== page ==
Putin’s rise to power provoked expectations, played up in the Russian media, that the Kremlin would adopt a tough stance toward the leaders of Russia’s eighty-nine republics and regions. By the middle of May, those expectations were already beginning to be realized. On May 11, within a week of his inauguration, Putin signed a series of decrees suspending laws passed by three Russian regions which, he complained, violated the Russian constitution since they dealt with issues that, according to the constitution, fall into the exclusive purview of the federal authorities. Putin’s measures are not expected to be his last. The Kremlin has reportedly drafted a further fifteen decrees for the president’s signature (Itar-Tass, May 11-12).
Among the legislation which Putin annulled was a decree of President Ruslan Aushev of Ingushetia, ordering the republic’s tax office to withhold part of Ingushetia’s tax payments to the center to make up for money that the center allegedly owed to the republic. Also annulled was an order by the Ingushetian government to the regional migration service not to issue work permits to people coming to work in the republic from abroad. Yet another concerned measures by the Amur Oblast authorities to regulate the passage of traders over the border between the region and China.
The Kremlin’s most serious grievance was with the Republic of Bashkortostan. In a letter to the speaker of the republic parliament, Putin pointed out that three articles of Bashkortostan’s constitution arrogate to the republic powers which, according to the Russian constitution, belong only to the federal authorities. These include the proclaimed right of the president of Bashkortostan to declare a state of emergency in the republic. Putin called on the Bashkortostani authorities to bring their legislation into line both with the Russian constitution of 1993 and with the bilateral powersharing treaty signed by Russia and Bashkortostan in 1994. (At the same time, commentators noted that the Russian president, while presenting Bashkortostan with rather tough demands, recognized the continuing validity of the above-mentioned bilateral treaty, which gives the republic a number of rights not enjoyed by other regions.)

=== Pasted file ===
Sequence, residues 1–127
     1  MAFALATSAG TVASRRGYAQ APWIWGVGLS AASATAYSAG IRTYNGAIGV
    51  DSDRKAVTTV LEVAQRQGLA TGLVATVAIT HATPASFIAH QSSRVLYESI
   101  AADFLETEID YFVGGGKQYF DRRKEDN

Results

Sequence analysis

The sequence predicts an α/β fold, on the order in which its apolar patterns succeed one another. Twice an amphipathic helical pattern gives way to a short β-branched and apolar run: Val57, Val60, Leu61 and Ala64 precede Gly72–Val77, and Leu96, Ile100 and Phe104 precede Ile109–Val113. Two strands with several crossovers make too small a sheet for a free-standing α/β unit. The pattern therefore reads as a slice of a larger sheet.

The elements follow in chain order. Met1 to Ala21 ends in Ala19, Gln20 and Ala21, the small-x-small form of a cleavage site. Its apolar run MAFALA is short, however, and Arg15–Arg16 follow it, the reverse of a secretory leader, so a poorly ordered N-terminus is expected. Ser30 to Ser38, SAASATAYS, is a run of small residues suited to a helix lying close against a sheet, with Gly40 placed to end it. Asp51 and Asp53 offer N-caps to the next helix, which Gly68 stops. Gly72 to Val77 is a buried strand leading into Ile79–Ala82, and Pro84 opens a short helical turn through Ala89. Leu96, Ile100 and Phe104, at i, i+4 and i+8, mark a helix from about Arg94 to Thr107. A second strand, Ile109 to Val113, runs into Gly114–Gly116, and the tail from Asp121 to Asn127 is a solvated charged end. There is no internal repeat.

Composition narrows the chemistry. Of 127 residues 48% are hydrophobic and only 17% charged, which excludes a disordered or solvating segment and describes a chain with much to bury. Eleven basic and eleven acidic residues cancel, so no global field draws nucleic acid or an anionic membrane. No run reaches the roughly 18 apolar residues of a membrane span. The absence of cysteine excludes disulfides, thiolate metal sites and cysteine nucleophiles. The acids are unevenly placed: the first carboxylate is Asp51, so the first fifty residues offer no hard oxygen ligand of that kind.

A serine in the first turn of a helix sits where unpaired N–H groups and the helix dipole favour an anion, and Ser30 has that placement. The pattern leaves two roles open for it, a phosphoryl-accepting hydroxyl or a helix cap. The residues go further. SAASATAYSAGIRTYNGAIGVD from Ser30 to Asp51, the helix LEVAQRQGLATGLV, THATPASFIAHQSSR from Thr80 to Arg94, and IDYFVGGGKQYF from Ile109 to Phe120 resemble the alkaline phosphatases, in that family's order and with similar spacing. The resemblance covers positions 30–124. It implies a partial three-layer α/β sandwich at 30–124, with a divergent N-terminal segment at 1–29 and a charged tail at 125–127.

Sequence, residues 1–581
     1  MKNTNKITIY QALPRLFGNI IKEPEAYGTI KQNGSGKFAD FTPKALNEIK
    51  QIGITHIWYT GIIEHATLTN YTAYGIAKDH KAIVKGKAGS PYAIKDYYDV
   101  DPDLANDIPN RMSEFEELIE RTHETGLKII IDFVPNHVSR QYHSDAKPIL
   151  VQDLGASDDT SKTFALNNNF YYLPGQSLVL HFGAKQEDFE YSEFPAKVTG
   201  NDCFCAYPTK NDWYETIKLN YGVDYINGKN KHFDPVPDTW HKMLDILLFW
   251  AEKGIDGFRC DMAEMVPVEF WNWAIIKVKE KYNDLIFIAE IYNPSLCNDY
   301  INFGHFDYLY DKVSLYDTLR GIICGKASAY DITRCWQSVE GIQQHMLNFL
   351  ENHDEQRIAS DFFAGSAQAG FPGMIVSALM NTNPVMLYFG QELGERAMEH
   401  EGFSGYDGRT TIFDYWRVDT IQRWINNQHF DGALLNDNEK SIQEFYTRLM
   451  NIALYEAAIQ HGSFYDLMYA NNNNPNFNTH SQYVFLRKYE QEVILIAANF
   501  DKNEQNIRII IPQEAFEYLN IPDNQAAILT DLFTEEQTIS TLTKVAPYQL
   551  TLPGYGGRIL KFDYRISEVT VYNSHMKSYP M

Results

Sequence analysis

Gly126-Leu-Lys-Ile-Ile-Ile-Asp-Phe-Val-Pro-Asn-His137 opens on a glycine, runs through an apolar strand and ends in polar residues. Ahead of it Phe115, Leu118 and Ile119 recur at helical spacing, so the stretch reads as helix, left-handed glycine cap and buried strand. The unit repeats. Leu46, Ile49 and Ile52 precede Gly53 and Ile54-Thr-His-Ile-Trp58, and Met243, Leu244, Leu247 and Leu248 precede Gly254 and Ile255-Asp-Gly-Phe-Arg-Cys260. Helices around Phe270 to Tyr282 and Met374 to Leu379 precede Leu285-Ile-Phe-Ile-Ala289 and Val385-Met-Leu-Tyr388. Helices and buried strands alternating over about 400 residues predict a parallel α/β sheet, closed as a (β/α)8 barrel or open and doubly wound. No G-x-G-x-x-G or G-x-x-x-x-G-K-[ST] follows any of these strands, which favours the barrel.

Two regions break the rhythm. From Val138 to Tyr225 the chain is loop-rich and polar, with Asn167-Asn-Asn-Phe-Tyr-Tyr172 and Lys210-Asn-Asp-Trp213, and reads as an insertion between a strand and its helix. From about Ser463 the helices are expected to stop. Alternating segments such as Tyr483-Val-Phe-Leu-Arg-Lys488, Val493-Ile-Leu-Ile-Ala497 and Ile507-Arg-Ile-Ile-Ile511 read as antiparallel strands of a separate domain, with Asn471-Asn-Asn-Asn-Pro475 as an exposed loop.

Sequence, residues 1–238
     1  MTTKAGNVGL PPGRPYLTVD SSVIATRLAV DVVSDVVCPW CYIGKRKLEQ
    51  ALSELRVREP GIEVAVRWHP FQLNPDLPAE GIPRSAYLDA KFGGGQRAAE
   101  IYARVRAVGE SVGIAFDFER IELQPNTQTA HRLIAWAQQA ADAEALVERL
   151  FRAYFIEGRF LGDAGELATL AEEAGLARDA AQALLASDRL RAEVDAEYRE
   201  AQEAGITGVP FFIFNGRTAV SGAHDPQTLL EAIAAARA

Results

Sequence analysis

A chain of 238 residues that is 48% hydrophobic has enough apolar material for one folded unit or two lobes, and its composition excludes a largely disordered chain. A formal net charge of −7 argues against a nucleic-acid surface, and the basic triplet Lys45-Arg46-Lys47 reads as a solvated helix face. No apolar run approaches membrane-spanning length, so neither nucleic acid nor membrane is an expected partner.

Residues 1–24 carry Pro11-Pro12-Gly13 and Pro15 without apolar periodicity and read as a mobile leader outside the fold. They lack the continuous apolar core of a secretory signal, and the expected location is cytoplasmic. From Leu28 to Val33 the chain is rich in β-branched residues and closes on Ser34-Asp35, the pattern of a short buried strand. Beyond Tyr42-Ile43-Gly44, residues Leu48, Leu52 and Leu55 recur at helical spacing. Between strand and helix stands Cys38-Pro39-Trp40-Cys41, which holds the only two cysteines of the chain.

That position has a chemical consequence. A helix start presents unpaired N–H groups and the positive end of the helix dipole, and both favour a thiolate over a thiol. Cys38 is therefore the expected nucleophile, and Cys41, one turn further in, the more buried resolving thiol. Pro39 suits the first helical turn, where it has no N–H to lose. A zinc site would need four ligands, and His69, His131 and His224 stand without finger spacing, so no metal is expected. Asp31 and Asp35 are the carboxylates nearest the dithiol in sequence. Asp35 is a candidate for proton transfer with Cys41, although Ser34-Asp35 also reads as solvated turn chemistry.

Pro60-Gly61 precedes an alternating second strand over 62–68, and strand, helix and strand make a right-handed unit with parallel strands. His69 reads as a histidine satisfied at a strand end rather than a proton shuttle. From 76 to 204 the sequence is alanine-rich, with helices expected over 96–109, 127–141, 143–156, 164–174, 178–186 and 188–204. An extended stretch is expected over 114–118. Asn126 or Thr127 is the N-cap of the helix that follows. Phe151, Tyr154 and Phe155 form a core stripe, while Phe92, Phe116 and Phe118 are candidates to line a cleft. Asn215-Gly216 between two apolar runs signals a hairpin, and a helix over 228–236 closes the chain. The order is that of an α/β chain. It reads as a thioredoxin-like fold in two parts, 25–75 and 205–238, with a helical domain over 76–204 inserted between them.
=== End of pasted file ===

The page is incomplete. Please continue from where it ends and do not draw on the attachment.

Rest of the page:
Media reaction was rather positive. A number of national newspapers commented that, while the president had always had the power to repeal regional legislation, Yeltsin had rarely used it, preferring all kinds of correspondence and conciliation commissions. Putin, by contrast, intends to use his rights. Moreover, several commentators pointed out that, if Bashkortostan does not respond to Moscow’s warnings, Putin has many other levers at his command (Izvestia, Nezavisimaya gazeta, Segodnya, May 12). The precise nature of these levers was not spelled out, though Segodnya put the most sinister interpretation on the situation: “In the legal sense, the differences between Bashkiria and Chechnya are minor: Ichkeria is demanding that its independence be recognized de jure, while Ufa is implementing its sovereignty de facto” (Segodnya, May 12).
Commentators nonetheless noted that Putin’s actions were strangely selective. His toughness toward Bashkortostan was contrasted to his ignoring of the situation in the Republic of Tatarstan. Tatarstan’s laws are very similar to Bashkortostan’s and violate federal legislation no less. It might even be said that Bashkortostan copied much of its legislation from Tatarstan’s. And yet official sources say that so far the Kremlin has no plans to take Tatarstan to task.
All the regions which have so far caught Putin’s attention and most of those which have not possess large amounts of legislation which contradict federal law no less blatantly than the items so far singled out. President Aushev has, for example, legalized polygamy within his republic, yet Putin has so far left that legislation in force. Most common are restrictions on civil rights, including voting rights, and violations of civil freedoms, such as the infamous “propiska” system, that holdover from the Soviet period under which citizens are required to register their residence at a specific address and restrictions on choice of abode are applied which may curtail citizens’ freedom of movement. Nezavisimaya gazeta commented that the authorities in Moscow city, Stavropol and Krasnodar krais, Tatarstan and Bashkortostan are particular offenders in this regard (Nezavisimaya gazeta, May 12).
Putin’s most important initiative to date is his introduction of a three-level system of relations between the federal center and the regions, codified in his May 13 decree dividing Russia’s eighty-nine republics and regions into seven “federal districts” (Itar-Tass, May 13; see the Monitor, May 15). This will allow Putin to deal with regional leaders through seven “governors-general” who will oversee and coordinate the work of the regional departments of federal agencies (Such an arrangement was first proposed by Anatoly Chubais when he was head of the presidential administration in 1996.)
Putin’s decrees add definition to his image as a “gosudarstvennik” (statist). Some commentaries argue that they presage a move away from federalism and back to a unitary state. How they will work out in practice remains of course to be seen. So far, the response of regional leaders has been cautious in the extreme. Putin’s measures may, indeed, contain an element of intelligence gathering–a testing of the waters to determine whether the governors are in principle ready to shift to quiet but concrete dialogue with the federal center.
AUDIT REPORT DAMAGES RELATIONS BETWEEN KYIV AND THE IMF.